Identifying Faces Behind Masks by Face Recognition Systems
A Chinese firm says it has produced a new facial recognition system that can identify users even if they are using masks. When cases of the new Coronavirus started increasing in China, developers began working on the new system since January 2020. The fast spread of the virus, which can be deadly, has affected most Chinese residents to wear face masks in society to help defeat infections.
- China is known as a world chief in the development of artificial intelligence and facial recognition systems. Engineers at the Hanwang Technology Ltd. in Beijing say their system, for the first time, is to be created to identify people wearing face masks effectively.
- The firm told the Reuters news agency that the system was built in about a month by a team of 20 people, which base on existing technologies developed over the past ten years. The process covered adding a group of about 6 million unmasked faces and a much smaller collection of masked faces, the company said.
Facial Recognition Systems
Nowadays, Hanwang - which also knows by the English name Hanvon - is selling two main types of products that benefit new technology. One performs "single-channel" recognition; the best use of it is at entrances to offices and buildings.
Another great product named a "multi-channel" recognition system that uses "multiple surveillance cameras." Huang Lei, who is Hanwang's vice president, told Reuters that the multi-channel system would recognize individuals in the population of maximum to 30 people "within a second." "When using a mask, the recognition rate can reach about 95 percent, means can ensure that most people can be recognized," Huang said. Besides, the success rate of face recognition for people not wearing a mask is about 99.5 percent.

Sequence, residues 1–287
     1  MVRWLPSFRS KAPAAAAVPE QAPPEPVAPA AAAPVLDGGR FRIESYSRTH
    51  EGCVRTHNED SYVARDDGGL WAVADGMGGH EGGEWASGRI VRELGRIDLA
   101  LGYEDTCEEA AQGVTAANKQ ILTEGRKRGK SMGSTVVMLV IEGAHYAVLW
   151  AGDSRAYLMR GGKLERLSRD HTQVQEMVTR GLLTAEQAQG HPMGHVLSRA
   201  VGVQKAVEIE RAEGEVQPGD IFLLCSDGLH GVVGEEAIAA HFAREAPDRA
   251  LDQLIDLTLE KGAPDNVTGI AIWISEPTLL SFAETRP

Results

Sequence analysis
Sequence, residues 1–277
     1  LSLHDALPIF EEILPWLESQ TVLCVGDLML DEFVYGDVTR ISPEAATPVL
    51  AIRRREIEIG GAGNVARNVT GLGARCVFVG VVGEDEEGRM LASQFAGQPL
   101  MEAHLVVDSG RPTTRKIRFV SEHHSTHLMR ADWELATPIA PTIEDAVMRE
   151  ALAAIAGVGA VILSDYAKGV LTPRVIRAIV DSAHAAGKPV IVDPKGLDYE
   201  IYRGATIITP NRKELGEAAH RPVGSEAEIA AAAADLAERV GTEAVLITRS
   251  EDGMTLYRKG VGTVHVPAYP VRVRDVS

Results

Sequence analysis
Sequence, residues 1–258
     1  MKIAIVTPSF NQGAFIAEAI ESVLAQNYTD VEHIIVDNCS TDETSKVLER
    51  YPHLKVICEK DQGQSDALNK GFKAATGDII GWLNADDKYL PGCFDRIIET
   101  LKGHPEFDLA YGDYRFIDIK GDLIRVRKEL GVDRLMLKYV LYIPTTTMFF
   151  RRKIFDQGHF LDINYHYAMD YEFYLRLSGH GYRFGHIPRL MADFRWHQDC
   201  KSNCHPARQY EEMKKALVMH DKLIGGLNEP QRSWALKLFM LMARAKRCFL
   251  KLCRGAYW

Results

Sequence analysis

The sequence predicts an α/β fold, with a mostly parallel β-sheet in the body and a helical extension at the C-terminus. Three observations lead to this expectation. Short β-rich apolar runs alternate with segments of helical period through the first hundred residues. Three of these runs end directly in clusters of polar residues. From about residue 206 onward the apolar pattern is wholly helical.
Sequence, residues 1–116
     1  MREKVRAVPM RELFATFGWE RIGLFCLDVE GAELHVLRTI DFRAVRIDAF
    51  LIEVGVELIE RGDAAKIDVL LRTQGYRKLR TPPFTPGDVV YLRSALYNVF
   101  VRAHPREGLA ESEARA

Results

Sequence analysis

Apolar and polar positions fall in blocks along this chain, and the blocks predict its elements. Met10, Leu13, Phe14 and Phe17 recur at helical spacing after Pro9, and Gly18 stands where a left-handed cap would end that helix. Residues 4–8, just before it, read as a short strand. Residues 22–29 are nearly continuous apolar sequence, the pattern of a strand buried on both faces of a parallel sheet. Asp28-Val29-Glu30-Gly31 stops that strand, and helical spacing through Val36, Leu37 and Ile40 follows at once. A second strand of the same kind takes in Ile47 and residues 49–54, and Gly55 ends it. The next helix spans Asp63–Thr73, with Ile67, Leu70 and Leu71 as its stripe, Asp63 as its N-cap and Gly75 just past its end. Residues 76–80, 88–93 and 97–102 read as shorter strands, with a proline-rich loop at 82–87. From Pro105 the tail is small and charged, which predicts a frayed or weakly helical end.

The firm says one of the most significant clients of the new system is China's Ministry of Public Security, operating the country's police agencies. Cameras and facial recognition technology are widely used for identification purposes and to record people's movements by the Chinese government. Using Hanwang's technology to compare images with ministry records on individuals to identify and track people as they move about, Huang said.
Using Hanwang's system can recognize crime suspects and terrorists or make reports or warnings, he added. Nevertheless, the new system struggles to identify people wearing both a mask and sunglasses. "In this situation, all of the main signs facial information is lost. In such cases, recognition is hard," Huang said.
At first, it was not quickly clear how Chinese residents were replying to the new facial recognition system. Nowadays, other monitoring tools have already been using to fight against the COVID-19 by the Chinese government. Some people have protested to such devices. On the other hand, many others seem to have accepted the methods as a way to deal with the current health emergency.